The black has become recognised as a national colour and is associated with our many achievements internationally.
The silver fern has been part of our history and identity for many years and is an internationally recognised symbol of New Zealand. The fronds represent our diverse communities coming together.
The blue represents our clear skies and the Pacific Ocean.
The Southern Cross emphasises our location in the South Pacific Ocean. It connects with the colours in the Union Jack and the current flag.
Throughout this process, thousands of New Zealanders shared their opinions. The most commonly expressed views are summarised below to help voters consider the options and make an informed decision.
It is a uniquely New Zealand flag that will not be confused with Australia. Image: The Australian Flag alongside the Silver Fern Flag.
New Zealand is a proud, independent country. We are no longer a British colony, so we shouldn’t have another country’s flag on our flag.
All New Zealanders having a say in this decision honours the rights and freedoms that have been fought for.
New Zealand has changed significantly, we are far more aware of our bicultural origins and have become a multicultural society.
We’ll remain part of the Commonwealth. Of 53 Commonwealth countries, only four still have the Union Jack as part of their flag. Image: The Canadian Flag.
The full graphic, and other information on the upcoming flag referendum can be downloaded here
A RadioLive poll of over 2700 people asked What flag will you vote for?, 52% or 1419 people responded with the Fern.
Read more below:
Silver Fern Flag by Kyle Lockwood will go up against the current flag in a referendum next year.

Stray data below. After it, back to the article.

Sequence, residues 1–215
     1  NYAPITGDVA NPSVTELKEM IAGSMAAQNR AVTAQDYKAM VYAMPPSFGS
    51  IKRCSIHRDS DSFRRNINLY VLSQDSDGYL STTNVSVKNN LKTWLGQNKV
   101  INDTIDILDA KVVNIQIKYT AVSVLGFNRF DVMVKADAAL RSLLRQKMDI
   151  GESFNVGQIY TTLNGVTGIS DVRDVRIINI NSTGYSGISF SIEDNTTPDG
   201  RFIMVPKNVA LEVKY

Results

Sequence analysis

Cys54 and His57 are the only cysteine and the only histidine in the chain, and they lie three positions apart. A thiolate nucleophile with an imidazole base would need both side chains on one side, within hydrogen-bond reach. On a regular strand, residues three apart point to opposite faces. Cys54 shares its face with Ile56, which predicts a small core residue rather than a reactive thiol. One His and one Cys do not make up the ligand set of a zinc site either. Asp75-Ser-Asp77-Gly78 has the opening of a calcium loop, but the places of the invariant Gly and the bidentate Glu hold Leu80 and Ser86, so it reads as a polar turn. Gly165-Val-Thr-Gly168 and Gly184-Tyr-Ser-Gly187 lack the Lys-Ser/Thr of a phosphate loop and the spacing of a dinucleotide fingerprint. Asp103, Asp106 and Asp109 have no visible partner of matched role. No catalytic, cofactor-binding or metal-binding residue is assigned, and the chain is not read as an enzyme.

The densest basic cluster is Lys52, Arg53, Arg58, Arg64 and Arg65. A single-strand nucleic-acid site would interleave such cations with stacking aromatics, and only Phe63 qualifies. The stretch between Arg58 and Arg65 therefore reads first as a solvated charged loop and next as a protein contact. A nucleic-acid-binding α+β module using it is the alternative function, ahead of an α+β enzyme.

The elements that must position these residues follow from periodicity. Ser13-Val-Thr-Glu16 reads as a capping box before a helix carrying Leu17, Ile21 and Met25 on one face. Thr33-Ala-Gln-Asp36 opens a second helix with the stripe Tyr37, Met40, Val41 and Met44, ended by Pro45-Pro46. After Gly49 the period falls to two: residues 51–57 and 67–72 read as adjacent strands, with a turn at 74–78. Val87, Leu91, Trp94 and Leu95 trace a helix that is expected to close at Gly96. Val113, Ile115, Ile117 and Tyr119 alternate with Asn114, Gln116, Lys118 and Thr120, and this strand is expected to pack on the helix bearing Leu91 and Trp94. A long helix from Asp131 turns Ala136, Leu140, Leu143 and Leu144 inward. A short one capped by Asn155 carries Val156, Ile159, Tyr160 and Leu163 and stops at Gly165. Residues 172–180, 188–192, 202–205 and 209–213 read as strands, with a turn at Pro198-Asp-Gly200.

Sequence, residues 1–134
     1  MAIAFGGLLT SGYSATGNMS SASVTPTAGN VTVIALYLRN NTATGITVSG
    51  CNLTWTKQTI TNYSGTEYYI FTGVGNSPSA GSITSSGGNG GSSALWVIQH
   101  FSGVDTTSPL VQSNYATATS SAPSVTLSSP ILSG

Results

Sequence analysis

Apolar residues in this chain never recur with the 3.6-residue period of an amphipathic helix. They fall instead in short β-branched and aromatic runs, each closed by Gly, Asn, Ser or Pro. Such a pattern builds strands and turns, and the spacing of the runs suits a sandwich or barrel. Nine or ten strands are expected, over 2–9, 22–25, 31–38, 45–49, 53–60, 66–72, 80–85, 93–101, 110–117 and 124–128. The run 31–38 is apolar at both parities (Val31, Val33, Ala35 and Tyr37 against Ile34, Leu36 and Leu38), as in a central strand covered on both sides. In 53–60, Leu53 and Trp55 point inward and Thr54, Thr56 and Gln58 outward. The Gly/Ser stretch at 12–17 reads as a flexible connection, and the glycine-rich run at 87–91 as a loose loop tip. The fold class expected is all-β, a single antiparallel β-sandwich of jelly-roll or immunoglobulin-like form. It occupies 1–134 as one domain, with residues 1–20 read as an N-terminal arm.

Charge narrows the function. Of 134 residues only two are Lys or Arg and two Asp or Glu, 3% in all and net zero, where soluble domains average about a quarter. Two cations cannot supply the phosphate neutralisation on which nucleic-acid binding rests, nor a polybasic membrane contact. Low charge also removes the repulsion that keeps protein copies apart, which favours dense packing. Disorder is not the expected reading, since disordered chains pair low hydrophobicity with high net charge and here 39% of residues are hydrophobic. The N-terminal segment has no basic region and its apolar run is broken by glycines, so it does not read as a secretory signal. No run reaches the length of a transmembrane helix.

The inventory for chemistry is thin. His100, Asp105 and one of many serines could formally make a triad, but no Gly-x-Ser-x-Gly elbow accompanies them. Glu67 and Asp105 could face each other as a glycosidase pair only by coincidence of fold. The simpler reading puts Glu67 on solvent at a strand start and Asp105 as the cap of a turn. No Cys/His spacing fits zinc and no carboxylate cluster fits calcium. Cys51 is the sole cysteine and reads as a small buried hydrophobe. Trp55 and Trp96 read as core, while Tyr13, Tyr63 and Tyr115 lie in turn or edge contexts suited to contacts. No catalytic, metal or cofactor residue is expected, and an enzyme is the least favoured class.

OPINION: When Prime Minister John Key started pushing for New Zealand's flag to change, there was little enthusiasm for the idea.
Low voter turnout and some degree of unhappiness about the options suggest most of the public are still not quite with the prime minister. The first referendum result is far from a disaster for Key, however.
The turnout is high enough and percentage of spoilt ballots low enough for him to be heartened.
The process has been designed to bring people on board, and we shall see in March the extent to which this has been successful.
A vocal minority has been scornful and sarcastic, and this could result in more votes for the current flag, but the mood of middle New Zealand will determine the result.
With the current flag sidelined from the first referendum, the debate has had a phony-war type feel to it, but the phony war is over.
It's Kyle Lockwood's black, blue and silver fern design with the stars of the Southern Cross versus the Blue Ensign and Southern Cross, our current flag.
Of the alternative designs that made the shortlist, New Zealanders have picked the one with the best chance of toppling the current flag.
It's appropriate that the design should have black on it.
Black is not just synonomous with our rugby team, but also netball, hockey and our Olympics and Commonwealth Games athletes.
The silver fern, too, is the symbol most associated with New Zealand, adding a link to our much-celebrated beautiful countryside.
The other Lockwood flag, with its dash of red, was a bit too garish to win.
The other silver fern design was, perhaps, too plain, and the koru design was never going to attract enough support.
There was little about Red Peak that evoked a sense of New Zealand.
And it is this capturing a sense of New Zealand that has been much in the thinking of the Flag Consideration Panel. The winning Lockwood design does this better than the current flag but whether this will be enough to switch is obviously moot.
The RSA will be among those arguing the case for change has been less than compelling.
There's the likely framing of the debate – a flag that better captures New Zealand against scepticism about the need for a change.
The real debate starts now.